SAP announced its financial results for the fourth quarter and annual results ending 31 December 2017 on Tuesday (statement).
In Q4 2017, total revenue was €6.81 billion ($8.41bn), up one percent year-over-year or six percent non-IFRS. This has met analyst expectations, as compiled by Bloomberg.
Net profit reached €1.87 billion ($2.31bn), and earnings per share increased by 21 percent to €1.55 ($1.91) or 16 percent to €1.77 ($2.19) non-IFRS.
In a statement, the Walldorf, Germany-based company said operating profit based on IFRS was €4.88 billion ($6.03bn) for the full year or €6.72 billion ($8.31bn) non-IFRS at constant currencies.
Earnings per share increased by 10 percent to €3.36 ($4.15) or 14 percent to €4.44 ($5.49) non-IFRS over the year, based on net profits of €4.06 billion ($5.02bn).
SAP says the boost in operating profit is due to tax benefits from an intra-group transfer of IP to SAP SE, the US tax reform, and the success of Sapphire Ventures, once known as SAP Ventures.
In Q4 2017, SAP cloud bookings grew by 22 percent, or 31 percent at constant currencies, reaching €591 million ($730m).
Cloud subscriptions and support revenue grew 20 percent year-over-year to €995 million ($1.2bn) or 28 percent non-IFRS at constant currencies.
In the fourth quarter, software revenue accounted for €2.06 billion ($2.6bn), down five percent year-over-year. Cloud and software revenue was €5.81 billion ($7.2bn), up one percent year-over-year.
Over the course of the financial year, S/4HANA adoption grew to over 7,900 customers, an increase of roughly 46 percent year-over-year. Approximately 1,000 customers joined the platform in Q4 2017 alone.
New cloud bookings for the year accounted for €1.45 billion ($1.7bn), up 30 percent at constant currencies. Cloud and software license sales grew by 17 percent year-over-year. Cloud subscriptions increased by 38 percent, reaching €7.5 billion ($9.2bn) by the end of 2017.
For the full year, cloud and software revenue grew by 6 percent, or 8 percent non-IFRS at constant currencies. Cloud subscriptions and support revenue was €3.77 billion ($4.6bn) or €3.83 billion ($4.7bn) non-IFRS.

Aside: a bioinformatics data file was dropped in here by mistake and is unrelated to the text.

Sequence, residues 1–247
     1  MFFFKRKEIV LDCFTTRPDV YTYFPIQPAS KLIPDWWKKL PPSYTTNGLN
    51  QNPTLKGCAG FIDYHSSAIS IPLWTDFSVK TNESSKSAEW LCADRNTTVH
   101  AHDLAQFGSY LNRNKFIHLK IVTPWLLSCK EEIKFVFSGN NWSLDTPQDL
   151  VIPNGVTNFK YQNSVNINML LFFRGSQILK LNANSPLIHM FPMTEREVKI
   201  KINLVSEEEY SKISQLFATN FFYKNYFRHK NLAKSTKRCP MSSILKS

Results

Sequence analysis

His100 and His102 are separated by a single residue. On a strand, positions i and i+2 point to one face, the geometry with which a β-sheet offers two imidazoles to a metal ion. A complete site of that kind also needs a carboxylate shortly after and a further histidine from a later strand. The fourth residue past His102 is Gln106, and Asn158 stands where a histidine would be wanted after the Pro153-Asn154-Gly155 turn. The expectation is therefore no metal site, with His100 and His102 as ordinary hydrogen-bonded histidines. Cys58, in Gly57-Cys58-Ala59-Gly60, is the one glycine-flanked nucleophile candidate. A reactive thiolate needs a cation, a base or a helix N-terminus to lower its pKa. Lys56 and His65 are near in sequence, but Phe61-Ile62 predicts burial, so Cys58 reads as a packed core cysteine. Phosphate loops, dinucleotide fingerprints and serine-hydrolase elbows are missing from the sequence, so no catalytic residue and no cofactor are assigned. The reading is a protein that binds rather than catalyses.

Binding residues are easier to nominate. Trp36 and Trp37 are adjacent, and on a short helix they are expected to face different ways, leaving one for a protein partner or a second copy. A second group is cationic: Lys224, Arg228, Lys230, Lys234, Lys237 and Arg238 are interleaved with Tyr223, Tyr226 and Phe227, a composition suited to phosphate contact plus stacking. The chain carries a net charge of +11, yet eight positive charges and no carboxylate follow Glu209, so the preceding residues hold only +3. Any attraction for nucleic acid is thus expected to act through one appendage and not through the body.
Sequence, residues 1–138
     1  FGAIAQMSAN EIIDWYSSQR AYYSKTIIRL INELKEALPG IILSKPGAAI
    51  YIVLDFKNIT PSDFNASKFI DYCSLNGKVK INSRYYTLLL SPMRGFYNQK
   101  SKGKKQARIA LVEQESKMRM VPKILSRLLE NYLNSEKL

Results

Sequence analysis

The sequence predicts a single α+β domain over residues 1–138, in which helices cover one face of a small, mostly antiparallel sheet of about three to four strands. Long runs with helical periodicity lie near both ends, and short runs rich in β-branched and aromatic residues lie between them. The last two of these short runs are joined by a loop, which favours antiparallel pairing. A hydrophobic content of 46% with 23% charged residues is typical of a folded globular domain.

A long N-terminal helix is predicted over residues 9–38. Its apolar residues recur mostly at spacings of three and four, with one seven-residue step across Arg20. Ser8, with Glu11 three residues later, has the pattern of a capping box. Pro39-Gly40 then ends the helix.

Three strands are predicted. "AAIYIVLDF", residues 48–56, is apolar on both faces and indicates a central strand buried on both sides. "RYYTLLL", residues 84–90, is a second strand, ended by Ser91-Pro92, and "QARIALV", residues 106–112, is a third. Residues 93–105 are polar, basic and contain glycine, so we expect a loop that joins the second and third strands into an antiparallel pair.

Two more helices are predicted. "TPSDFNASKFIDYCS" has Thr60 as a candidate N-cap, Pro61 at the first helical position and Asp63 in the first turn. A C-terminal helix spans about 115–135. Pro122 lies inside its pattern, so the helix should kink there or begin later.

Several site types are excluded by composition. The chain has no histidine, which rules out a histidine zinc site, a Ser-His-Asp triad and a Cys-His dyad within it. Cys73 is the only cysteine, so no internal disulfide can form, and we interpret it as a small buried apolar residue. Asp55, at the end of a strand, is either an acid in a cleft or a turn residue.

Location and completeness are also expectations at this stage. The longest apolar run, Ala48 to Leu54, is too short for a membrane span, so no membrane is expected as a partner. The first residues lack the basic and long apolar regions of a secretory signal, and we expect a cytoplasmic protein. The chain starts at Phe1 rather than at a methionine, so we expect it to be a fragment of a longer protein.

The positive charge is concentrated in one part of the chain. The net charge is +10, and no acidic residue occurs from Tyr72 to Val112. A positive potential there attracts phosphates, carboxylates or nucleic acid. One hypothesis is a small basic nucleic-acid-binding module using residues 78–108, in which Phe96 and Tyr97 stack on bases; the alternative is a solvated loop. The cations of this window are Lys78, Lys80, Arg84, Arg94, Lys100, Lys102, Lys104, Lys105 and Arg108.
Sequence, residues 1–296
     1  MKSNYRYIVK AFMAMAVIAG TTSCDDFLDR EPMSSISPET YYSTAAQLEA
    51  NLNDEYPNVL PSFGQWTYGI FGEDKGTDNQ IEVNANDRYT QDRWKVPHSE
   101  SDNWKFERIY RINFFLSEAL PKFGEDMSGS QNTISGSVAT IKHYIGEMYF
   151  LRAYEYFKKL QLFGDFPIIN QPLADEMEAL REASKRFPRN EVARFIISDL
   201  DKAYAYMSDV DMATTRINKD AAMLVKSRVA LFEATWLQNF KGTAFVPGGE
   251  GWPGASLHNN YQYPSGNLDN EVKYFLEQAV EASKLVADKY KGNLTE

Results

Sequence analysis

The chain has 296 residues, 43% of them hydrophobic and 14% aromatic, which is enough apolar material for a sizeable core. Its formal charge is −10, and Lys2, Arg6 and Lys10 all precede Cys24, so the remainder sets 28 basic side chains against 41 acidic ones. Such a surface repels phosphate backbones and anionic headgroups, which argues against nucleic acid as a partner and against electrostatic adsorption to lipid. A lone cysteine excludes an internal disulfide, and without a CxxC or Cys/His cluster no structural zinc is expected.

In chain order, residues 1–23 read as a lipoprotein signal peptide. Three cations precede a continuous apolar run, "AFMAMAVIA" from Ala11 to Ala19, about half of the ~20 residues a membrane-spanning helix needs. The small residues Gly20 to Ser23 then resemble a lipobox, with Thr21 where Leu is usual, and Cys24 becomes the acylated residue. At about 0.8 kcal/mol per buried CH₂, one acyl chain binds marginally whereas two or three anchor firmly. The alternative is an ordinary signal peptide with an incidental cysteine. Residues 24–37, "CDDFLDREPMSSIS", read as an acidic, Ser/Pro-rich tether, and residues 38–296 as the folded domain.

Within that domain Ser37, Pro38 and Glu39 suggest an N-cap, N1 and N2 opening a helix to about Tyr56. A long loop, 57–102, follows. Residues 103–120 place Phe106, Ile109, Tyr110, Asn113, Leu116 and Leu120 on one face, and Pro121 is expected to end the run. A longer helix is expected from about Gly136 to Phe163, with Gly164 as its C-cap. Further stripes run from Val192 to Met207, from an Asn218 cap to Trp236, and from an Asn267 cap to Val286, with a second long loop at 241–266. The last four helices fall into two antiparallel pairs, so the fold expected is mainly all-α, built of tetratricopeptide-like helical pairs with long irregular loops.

Software revenue remained stable overall, with a reported revenue of €4.87 billion ($6.02bn), or up two percent non-IFRS. Total revenue was €23.46 billion ($28.9bn) or €23.77 billion ($29.4bn) non-IFRS at constant currencies.
Operating cash flow for the full year was €5.05 billion ($6.2bn), an increase of 9 percent year-over-year. Free cash flow increased 4 percent to €3.77 billion ($4.66bn) over the same period.
SAP has also brought back €500 million in shares and paid a dividend of €1.5 billion.
"We ended the year strongly with new cloud bookings surging 31 percent on top of a stellar prior Q4," said Luka Mucic, SAP Chief Financial Officer. "As promised we initiated the margin turnaround with a Q4 Non-IFRS operating margin of 35.2 percent at constant currencies. This paves the way for the strong growth and margin expansion we expect in 2018 and beyond."
SAP expects that non-IFRS cloud subscriptions and support revenue to be in a range of €4.8 billion to €5.0 billion, in comparison to €3.77 billion in 2017.
In addition, the tech giant expects full-year non-IFRS revenue to be in the range of €24.6 billion to €25.1 billion, and operating profit to be in the range of €7.3 billion -- €7.5 billion, an increase from 2017's €6.77 billion.
The earnings reports were rounded off with the announcement of the acquisition of Callidus Software in a deal worth $2.4 billion. SAP says the buyout will improve the firm's position in the customer relationship management (CRM) space.